IoT Platforms and Software – 4th Edition

IoT Platforms and Software is the fourth strategy report fromBerg Insight analysing the latest developments on the IoTconnectivity management, device management and applicationenablement platform markets.

This strategic research report from Berg Insight provides youwith 185 pages of unique business intelligence including 5-yearindustry forecasts and expert commentary on which to base yourbusiness decisions.

Highlights from this report:

360-degree overview of the IoT ecosystem.Insights from 30 executive interviews with market leadingcompanies.
Summary of the latest industry trends and developments.
Updated in-depth profiles of key players in the IoT platform market.
Reviews of the market strategies of leading platform vendors.
Perspectives on the evolution from vertical M2M solutions to the
broader scale and scope of the IoT.
Extensive global market forecasts lasting until 2023.

This report answers the following questions:

Which trends and developments are shaping the IoT platformmarket?
What are the benefits of using commercial IoT platforms?
Who are the leading providers of IoT connectivity, devicemanagement and application enablement platforms?
What are the main drivers behind the adoption of IoT platforms?
Which are the leading IoT platform vendors in the major marketverticals?
What are the key features of the application enablementplatforms available today?
Which mobile operators have deployed IoT connectivitymanagement platforms from third party vendors?
What is the potential market size for commercial IoT platforms?


Executive summary

IoT platforms provide developers with tools to connect and manage devices and integratecollected data into various applications and services. These platforms are intended to reducethe cost and development time for IoT solutions by providing standardised components thatenterprises can build upon. The product category facilitates the growing trend away fromtime-consuming in-house developed and bespoke IoT solutions. Broadly speaking, most IoTplatforms fall into one of the following three categories: connectivity management platforms,device management platforms and application enablement platforms.

About 63 percent of the global installed base of 1.2 billion IoT SIMs were managed usingcommercial connectivity management platforms (CMPs) at the end of 2018. Huawei is theleading IoT CMP vendor with close ties to the domestic operators China Mobile and ChinaTelecom and managed over 600 million IoT SIMs in mid-2019. Whale Cloud, formerly knownas ZTEsoft and partly owned by Alibaba Group since 2018, is the runner up on the Chinesemarket. Cisco is the dominant IoT CMP vendor outside of China with 130 million connections,followed by Vodafone and Ericsson. As a response to the decline in IoT connectivity ARPUs,leading IoT CMP vendors are gradually moving up the stack to help network operatorsgenerate new revenue streams from value-added services and solutions.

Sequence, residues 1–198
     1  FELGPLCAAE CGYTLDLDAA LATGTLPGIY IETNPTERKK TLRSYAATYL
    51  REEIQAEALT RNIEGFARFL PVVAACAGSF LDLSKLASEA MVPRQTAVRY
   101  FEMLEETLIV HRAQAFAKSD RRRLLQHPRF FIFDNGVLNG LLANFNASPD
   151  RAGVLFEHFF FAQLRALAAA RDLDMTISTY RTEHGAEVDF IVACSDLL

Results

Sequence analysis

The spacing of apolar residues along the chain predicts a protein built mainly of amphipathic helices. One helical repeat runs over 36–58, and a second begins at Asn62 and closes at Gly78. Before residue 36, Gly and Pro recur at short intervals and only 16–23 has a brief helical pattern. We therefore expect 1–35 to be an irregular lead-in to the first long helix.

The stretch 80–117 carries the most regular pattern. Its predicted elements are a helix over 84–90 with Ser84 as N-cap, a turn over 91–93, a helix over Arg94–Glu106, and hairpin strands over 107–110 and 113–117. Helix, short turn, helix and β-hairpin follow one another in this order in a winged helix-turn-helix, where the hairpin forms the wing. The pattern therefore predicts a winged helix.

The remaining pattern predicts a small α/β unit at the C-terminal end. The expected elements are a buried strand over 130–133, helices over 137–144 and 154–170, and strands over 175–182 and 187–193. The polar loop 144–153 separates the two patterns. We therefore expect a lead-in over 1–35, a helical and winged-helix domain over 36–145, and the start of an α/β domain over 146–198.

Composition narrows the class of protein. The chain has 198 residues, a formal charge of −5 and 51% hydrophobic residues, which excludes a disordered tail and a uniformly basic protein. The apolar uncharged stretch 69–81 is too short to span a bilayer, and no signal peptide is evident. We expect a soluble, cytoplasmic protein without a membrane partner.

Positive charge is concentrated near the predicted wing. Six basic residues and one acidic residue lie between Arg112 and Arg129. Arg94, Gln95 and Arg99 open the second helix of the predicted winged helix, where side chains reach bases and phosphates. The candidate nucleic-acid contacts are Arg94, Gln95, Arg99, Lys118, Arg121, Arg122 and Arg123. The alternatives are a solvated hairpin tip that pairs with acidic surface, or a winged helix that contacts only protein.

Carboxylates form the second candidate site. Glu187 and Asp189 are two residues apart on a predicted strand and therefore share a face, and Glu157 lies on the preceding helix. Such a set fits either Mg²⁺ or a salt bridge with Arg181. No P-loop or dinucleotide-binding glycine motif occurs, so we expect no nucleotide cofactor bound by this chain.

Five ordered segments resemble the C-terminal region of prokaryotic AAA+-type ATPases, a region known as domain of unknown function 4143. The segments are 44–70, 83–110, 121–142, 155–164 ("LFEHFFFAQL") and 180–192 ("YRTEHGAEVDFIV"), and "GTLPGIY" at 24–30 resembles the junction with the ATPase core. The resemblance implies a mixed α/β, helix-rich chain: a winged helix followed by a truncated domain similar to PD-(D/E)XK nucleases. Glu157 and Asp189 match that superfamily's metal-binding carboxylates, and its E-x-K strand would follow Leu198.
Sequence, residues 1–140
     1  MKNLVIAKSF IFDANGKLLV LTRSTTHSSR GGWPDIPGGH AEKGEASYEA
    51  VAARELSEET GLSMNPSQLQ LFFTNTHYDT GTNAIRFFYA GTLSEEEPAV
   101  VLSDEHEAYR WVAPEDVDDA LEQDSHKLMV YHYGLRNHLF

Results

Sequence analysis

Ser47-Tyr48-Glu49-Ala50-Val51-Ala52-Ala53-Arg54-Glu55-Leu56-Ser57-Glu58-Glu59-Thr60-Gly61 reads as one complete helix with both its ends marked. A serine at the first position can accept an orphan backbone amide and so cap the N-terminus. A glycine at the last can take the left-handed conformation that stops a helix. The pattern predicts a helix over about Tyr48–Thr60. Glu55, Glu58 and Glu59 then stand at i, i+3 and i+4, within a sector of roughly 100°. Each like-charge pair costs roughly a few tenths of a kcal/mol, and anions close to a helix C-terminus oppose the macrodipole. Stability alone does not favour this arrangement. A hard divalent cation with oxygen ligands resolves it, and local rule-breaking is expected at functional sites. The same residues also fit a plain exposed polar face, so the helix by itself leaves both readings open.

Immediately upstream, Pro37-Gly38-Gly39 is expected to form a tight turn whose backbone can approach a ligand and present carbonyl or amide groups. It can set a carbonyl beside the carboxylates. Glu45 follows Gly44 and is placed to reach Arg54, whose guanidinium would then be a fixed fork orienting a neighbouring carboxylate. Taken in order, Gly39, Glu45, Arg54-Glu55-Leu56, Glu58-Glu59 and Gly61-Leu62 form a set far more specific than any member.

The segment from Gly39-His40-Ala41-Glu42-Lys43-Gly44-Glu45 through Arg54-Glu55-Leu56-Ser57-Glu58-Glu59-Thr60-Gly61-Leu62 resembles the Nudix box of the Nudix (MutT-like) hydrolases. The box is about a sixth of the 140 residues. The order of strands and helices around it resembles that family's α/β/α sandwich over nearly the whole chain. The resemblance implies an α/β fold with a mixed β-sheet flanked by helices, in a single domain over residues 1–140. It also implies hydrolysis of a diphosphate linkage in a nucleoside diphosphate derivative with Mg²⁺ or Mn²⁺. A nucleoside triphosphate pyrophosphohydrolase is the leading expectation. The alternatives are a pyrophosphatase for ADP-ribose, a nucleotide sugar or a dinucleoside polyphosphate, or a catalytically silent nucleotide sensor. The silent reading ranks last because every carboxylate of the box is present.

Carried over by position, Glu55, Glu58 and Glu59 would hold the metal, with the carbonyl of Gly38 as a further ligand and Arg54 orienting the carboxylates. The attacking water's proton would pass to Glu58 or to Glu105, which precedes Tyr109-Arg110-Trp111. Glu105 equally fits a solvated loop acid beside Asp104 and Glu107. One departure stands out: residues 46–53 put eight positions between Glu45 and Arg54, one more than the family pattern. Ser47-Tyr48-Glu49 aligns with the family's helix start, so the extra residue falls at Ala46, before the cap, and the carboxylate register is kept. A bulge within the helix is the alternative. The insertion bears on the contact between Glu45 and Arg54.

IoT CMPs are also a key component in the value proposition from IoT managed serviceproviders. Aeris and KORE have consolidated their positions as leading players in thissegment, with 14 million and 11 million connections respectively in mid-2019. Several IoTmanaged service providers offer their solutions to mobile operators. Nokia’s Worldwide IoTNetwork Grid (WING) service has been selected by eight operators, including AT&T andTele2. New entrants further include Arm as well as 1NCE, which announced DeutscheTelekom as the first customer to select its IoT CMP to address high-volume, low bandwidthuse cases. EMnify and Eseye are at the forefront of integrating global cellular IoT connectivitywith cloud platforms, enabling customers to seamlessly incorporate IoT connectivitymanagement controls in their IoT solutions built on public cloud infrastructure.

The market for IoT device management and application enablement platforms is in a stage oftransformation driven by investments from the major cloud service providers AWS, Microsoft,Alibaba and Google. While IoT platform providers have always had strengths andweaknesses in various parts of the stack, recent developments have led many vendors to realigntheir solutions with a renewed focus on core capabilities. Increased focus is also beingplaced on interoperability, as partnerships are formed between vendors with complementingcapabilities. Collaboration is also happening through open source initiatives, enablingcompanies across the IoT ecosystem to compete at scale by jointly developing open sourcecomponents to be part of their solutions. Berg Insight estimates that the market forcommercial device management and application enablement platforms grew 48 percent toreach about US$ 1.4 billion in 2018. Growing at a compound annual growth rate (CAGR) of37 percent, the market value is expected to reach US$ 6.9 billion in 2023.

IoT platform providers span from start-ups to major technology companies, device makersand industrial software vendors. Even though consolidation is happening at a rapid pace,Berg Insight is of the opinion that a level of fragmentation in the market will remain due tospecific requirements in industries such as manufacturing, utilities and automotive. In theindustrial sector, PTC continues to expand, leveraging its strategic alliances with RockwellAutomation and Microsoft. Both Microsoft and AWS have recently put efforts into providingmore capabilities for edge devices, while extending their reach into the industrial markets.The business software vendors SAP and Oracle increasingly focus on enabling customers tointegrate IoT data to their existing business applications by adding built-in integrations andextensibility features. Asset-heavy companies like GE and Hitachi leverage their expertise inboth the operational technology and information technology domains to help customersincrease asset performance and process efficiency. Important IoT platform providers withhigh involvement in the industrial sector further include the vendors Altair Engineering, Bosch,Davra, Device Insight, Eurotech, Exosite, Relayr and Waylay. In the utilities sector, C3.ai andNokia Software IoT have amassed large customer bases of utilities that use the companies’analytics software to enhance grid asset management. Vendors with strong devicemanagement capabilities such as Arm, Amplía, AVSystem and Gemalto also have a strongmarket presence within the utilities sector. In the automotive space, several large automotiveOEMs have chosen commercial IoT platforms from vendors such as Alibaba, Bosch, Huaweiand Microsoft to support their connected car efforts.